2. Don’t assume that everyone wants the same degree of critique. We learned, especially when someone new would come to the group, to ask how we can help them. Some people just want to share something they wrote with fellow writers. They might even feel that it isn’t very good, and have no desire to improve. They just want to hang out with other people who like to make music. And that’s fine. Other people will say, “Be hard on me. Rip this apart. I want to get better, so please don’t hold anything back just to spare my feelings.”
3. Don’t micromanage things. One of our major goals has always been the creation of new music for corporate worship, but quite a few Louisville singer-songwriters came to our workshops, wanting to share songs they wrote for reflection or entertainment. We also drew people who wrote in different ways or who performed in different genres, from rock to folk to country and jazz. That’s cool — music is music, and each artist has something to teach us.
4. Make people feel welcome, regardless of their background or skill level. You never know how people are going to grow. We looked for church members who were songwriters, of course, but also encouraged worship leaders, musicians, poets and anyone who loves a well-crafted song to come. We also issued open invitations to visual artists, and to theologically astute Christians who care deeply about the theology behind.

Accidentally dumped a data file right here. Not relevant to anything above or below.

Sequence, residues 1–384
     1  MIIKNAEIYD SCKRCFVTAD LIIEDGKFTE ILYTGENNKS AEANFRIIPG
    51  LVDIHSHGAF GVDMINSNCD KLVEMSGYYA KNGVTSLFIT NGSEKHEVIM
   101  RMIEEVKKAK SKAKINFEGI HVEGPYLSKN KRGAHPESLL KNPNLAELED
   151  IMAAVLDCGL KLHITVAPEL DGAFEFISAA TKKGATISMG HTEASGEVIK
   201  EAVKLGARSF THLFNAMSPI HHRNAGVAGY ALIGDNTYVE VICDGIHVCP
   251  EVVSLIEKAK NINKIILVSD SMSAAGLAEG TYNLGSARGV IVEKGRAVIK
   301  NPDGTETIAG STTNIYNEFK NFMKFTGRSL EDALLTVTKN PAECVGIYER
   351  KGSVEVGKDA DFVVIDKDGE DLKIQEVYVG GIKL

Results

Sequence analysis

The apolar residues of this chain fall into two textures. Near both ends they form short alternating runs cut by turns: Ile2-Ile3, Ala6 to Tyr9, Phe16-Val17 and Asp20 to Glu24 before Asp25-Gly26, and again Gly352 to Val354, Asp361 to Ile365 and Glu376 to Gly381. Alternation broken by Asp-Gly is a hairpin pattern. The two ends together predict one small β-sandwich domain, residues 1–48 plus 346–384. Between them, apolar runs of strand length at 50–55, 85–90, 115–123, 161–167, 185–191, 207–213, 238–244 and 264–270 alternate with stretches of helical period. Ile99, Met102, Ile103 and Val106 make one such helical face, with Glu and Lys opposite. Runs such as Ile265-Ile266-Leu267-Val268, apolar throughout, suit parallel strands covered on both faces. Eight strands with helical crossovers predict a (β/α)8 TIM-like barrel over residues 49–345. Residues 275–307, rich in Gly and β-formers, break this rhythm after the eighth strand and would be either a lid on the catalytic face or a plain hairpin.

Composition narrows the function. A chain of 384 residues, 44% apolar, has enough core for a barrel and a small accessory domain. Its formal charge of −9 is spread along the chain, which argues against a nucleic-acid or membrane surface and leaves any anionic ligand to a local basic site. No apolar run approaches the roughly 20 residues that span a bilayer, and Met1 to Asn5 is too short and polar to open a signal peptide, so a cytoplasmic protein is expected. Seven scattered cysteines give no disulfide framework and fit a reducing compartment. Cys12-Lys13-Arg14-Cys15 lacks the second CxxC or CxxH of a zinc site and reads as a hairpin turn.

5. Keep people in the loop. I got as many email addresses from interested parties as I could, creating a “Sojourn songwriters” contact list. I sent out regular group emails informing everyone of meeting times, optional assignments, and other challenges that Pastor Mike issued as the group began to grow.
I loved seeing people in the group begin to hook up and play shows together in local venues, to write songs together and to develop close friendships with each other. But the group couldn’t sustain itself forever as an official church ministry if we didn’t provide some sort of goal. People need something to reach for, an objective on which to work together. We came to a place where we seemed to be treading water. And this is where we’ll pick up in the next part of this series, so stay tuned!
In the meantime, I realize I’ve thrown a lot of general information at you here so if you have any questions, feel free to comment below and I’ll do my best to give you a good answer.